Queens­land’s Chook trav­el­ling very nicely

The Sunday Telegraph (Sydney) - - RUGBY LEAGUE - FIONA BOLLEN

YOU would be hard pressed to find some­one more Queens­land than Za­hara Te­mara.

A Ma­roons player in league and union, so com­fort­able was she in her fam­ily home on the Gold Coast, Roost­ers coach Adam Har­ti­gan and cap­tain Si­maima Ta­ufa, 21, had to de­liver one heck of a pitch when they were try­ing to sign her.

Com­mit­ting to Bris­bane Bron­cos would have been eas­ier and far more com­fort­able. But af­ter speak­ing to her father, she de­cided it was time to push her­self.

Now Te­mara shapes as one of the key play­ers in the NRLW grand fi­nal who could sink the dreams of the Bron­cos.

This is a dif­fer­ent per­son to the one many of them have played along­side for the Ma­roons and Jil­la­roos, though.

Te­mara has ma­tured and by ex­pos­ing her­self to dif­fer­ent play­ers and a new en­v­i­ron- ment, her foot­ball has changed, too.

“I didn’t want to travel any­where,” she said. “My whole fam­ily lived there (Queens­land) and I live with my par­ents and I love hang­ing out with my fam­ily all the time.

“It was a mas­sive de­ci­sion for me to come down here and make the big move.

“I’m re­ally glad I made it. I’ve learnt a lot here.’’

Last week, fans fi­nally caught sight of what Te­mara can do on the field when she moved from lock to half­back.

Guilty of “try­ing to play like a prop, which I’m not” dur­ing the first two rounds, once she was in the No.7 for round three, she felt “re­ally com­fort­able and con­fi­dent” with the ball.

The re­sult was a six-try, 26-0 win over St Ge­orge Illawarra and a place in the fi­nal.

Te­mara’s fin­ger­prints were all over the win.

She was in­volved in the build-up to three tries and two came from her kicks. Her im­pact was un­de­ni­able. It’s why Queens­land Reds fought so hard to have her part of their cam­paign in this year’s in­au­gu­ral Su­per W.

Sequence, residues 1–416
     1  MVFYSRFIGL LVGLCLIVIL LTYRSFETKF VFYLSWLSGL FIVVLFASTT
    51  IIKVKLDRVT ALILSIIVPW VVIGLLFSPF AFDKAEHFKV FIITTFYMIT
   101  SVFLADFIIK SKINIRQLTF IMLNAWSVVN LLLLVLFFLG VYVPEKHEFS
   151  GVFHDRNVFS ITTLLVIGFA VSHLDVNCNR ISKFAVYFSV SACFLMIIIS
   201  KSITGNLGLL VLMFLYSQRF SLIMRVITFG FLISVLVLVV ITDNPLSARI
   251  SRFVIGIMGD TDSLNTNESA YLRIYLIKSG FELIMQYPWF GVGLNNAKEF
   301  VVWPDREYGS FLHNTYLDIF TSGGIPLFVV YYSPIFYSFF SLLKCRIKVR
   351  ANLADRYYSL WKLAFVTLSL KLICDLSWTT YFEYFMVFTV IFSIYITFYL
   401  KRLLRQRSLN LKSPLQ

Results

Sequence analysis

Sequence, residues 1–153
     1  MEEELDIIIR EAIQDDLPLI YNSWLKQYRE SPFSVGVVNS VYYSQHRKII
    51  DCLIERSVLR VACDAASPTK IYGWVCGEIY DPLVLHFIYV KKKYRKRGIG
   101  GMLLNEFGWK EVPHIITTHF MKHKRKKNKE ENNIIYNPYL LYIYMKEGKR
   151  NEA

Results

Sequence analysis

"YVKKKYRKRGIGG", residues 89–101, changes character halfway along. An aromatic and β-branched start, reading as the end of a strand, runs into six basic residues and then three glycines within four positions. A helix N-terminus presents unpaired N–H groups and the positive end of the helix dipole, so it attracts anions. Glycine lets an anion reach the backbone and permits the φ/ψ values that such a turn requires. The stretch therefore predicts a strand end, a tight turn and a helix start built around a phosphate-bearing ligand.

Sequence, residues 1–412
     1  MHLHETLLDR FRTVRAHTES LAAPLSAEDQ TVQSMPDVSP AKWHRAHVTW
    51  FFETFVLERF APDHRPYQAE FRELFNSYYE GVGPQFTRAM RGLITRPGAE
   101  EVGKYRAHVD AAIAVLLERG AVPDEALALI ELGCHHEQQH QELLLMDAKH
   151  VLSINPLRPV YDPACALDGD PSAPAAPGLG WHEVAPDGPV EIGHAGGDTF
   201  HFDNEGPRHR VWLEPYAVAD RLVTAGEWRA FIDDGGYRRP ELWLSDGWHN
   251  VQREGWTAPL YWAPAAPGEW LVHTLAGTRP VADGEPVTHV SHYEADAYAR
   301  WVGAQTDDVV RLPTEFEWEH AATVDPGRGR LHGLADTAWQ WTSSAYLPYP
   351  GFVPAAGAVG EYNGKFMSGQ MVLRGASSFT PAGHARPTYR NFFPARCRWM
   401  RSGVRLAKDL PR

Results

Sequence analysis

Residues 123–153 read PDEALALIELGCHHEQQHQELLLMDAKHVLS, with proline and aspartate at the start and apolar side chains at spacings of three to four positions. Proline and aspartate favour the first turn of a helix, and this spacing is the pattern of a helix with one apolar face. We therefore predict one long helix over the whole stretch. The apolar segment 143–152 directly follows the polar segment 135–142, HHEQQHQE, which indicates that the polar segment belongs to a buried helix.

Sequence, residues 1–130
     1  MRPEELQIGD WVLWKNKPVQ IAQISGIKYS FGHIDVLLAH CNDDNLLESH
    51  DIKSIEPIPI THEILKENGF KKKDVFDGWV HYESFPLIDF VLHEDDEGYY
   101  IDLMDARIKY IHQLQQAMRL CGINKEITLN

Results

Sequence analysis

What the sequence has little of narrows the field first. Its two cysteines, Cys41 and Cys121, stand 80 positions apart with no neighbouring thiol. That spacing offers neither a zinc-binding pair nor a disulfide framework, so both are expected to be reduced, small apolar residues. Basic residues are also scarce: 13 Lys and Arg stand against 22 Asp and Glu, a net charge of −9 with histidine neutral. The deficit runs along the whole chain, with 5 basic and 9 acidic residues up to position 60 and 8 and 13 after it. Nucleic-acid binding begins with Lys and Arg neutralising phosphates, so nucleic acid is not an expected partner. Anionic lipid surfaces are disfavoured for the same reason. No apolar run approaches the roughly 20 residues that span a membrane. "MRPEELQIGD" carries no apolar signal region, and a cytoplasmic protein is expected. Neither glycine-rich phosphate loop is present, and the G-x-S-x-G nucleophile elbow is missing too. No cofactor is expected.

Con­fu­sion around the NRL’s women’s elite top 40 con­tracts kept Te­mara side­lined for the first few rounds.

She still trained with the team and was even­tu­ally cleared to play for the Reds’ fi­nal round, a close 32-30 win over Western Force.

The win put them into the fi­nal and Te­mara, at fiveeighth, al­most led them to the ti­tle, a penalty in dou­ble ex­tra time to the NSW Waratahs the only thing that split the teams.

“What she brought to our game was a re­ally cool, calm head with lovely hands and good vi­sion,” Reds coach Michael Hayes said.

“She’s an out­stand­ing ath­lete. She reads the game well. She has a lovely short kick­ing game. History shows we scored two tries to one in the fi­nal but still got beaten, which is a shame.”

That fi­nal will fuel Te­mara to­day. It’s a loss that’s al­most six months old but stings like it hap­pened yes­ter­day.

On top of that, the Roost­ers are still hurt­ing from how they started the NRLW sea­son.

It all com­bines to make for a very de­ter­mined half­back.

“That loss hurt,” Te­mara said. “And even the first two weeks for this team hurt and we don’t want to feel that way again.

“I’ll def­i­nitely have that at the back of my mind when I’m out there be­cause I don’t want to feel like that again.”

First, she must stop a red­hot Bron­cos team that have gone through the com­pe­ti­tion un­de­feated and barely chal­lenged.

“I think there’s pres­sure on both teams but a bit less on us be­cause we are the un­der­dogs now,” she said.

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